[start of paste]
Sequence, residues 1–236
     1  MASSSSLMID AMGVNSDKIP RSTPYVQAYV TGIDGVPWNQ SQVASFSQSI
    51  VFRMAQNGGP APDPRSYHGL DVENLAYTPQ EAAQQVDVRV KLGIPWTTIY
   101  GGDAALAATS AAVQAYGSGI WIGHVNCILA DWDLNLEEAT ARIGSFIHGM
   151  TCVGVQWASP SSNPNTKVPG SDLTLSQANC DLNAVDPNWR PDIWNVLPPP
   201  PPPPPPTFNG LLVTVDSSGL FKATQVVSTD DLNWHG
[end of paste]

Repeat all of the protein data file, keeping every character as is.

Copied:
Sequence, residues 1–236
     1  MASSSSLMID AMGVNSDKIP RSTPYVQAYV TGIDGVPWNQ SQVASFSQSI
    51  VFRMAQNGGP APDPRSYHGL DVENLAYTPQ EAAQQVDVRV KLGIPWTTIY
   101  GGDAALAATS AAVQAYGSGI WIGHVNCILA DWDLNLEEAT ARIGSFIHGM
   151  TCVGVQWASP SSNPNTKVPG SDLTLSQANC DLNAVDPNWR PDIWNVLPPP
   201  PPPPPPTFNG LLVTVDSSGL FKATQVVSTD DLNWHG